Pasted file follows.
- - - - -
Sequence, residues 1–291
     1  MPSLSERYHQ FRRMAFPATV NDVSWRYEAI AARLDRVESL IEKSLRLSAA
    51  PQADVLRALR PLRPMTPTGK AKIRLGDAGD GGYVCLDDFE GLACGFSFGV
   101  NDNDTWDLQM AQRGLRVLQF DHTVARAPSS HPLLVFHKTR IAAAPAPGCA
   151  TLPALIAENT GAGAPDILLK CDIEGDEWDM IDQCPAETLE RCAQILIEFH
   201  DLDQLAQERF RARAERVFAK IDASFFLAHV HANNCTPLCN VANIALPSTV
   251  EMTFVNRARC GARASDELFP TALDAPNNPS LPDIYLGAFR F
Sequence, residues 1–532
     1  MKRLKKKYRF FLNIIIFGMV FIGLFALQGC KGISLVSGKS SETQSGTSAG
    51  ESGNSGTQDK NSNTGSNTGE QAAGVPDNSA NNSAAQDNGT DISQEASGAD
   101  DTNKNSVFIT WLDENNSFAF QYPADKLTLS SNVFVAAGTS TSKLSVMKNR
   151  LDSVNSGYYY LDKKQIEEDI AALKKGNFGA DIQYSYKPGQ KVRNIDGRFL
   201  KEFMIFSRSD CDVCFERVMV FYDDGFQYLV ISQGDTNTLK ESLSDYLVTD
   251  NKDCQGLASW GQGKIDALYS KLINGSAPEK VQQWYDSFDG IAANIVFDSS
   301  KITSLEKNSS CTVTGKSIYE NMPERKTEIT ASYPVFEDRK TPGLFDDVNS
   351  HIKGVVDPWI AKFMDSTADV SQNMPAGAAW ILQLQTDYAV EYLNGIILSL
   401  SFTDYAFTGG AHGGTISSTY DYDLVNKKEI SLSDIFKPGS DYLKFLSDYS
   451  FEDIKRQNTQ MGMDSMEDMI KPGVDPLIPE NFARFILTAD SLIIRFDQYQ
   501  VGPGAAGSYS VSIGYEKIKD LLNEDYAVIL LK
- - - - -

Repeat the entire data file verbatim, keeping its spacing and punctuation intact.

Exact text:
Sequence, residues 1–291
     1  MPSLSERYHQ FRRMAFPATV NDVSWRYEAI AARLDRVESL IEKSLRLSAA
    51  PQADVLRALR PLRPMTPTGK AKIRLGDAGD GGYVCLDDFE GLACGFSFGV
   101  NDNDTWDLQM AQRGLRVLQF DHTVARAPSS HPLLVFHKTR IAAAPAPGCA
   151  TLPALIAENT GAGAPDILLK CDIEGDEWDM IDQCPAETLE RCAQILIEFH
   201  DLDQLAQERF RARAERVFAK IDASFFLAHV HANNCTPLCN VANIALPSTV
   251  EMTFVNRARC GARASDELFP TALDAPNNPS LPDIYLGAFR F
Sequence, residues 1–532
     1  MKRLKKKYRF FLNIIIFGMV FIGLFALQGC KGISLVSGKS SETQSGTSAG
    51  ESGNSGTQDK NSNTGSNTGE QAAGVPDNSA NNSAAQDNGT DISQEASGAD
   101  DTNKNSVFIT WLDENNSFAF QYPADKLTLS SNVFVAAGTS TSKLSVMKNR
   151  LDSVNSGYYY LDKKQIEEDI AALKKGNFGA DIQYSYKPGQ KVRNIDGRFL
   201  KEFMIFSRSD CDVCFERVMV FYDDGFQYLV ISQGDTNTLK ESLSDYLVTD
   251  NKDCQGLASW GQGKIDALYS KLINGSAPEK VQQWYDSFDG IAANIVFDSS
   301  KITSLEKNSS CTVTGKSIYE NMPERKTEIT ASYPVFEDRK TPGLFDDVNS
   351  HIKGVVDPWI AKFMDSTADV SQNMPAGAAW ILQLQTDYAV EYLNGIILSL
   401  SFTDYAFTGG AHGGTISSTY DYDLVNKKEI SLSDIFKPGS DYLKFLSDYS
   451  FEDIKRQNTQ MGMDSMEDMI KPGVDPLIPE NFARFILTAD SLIIRFDQYQ
   501  VGPGAAGSYS VSIGYEKIKD LLNEDYAVIL LK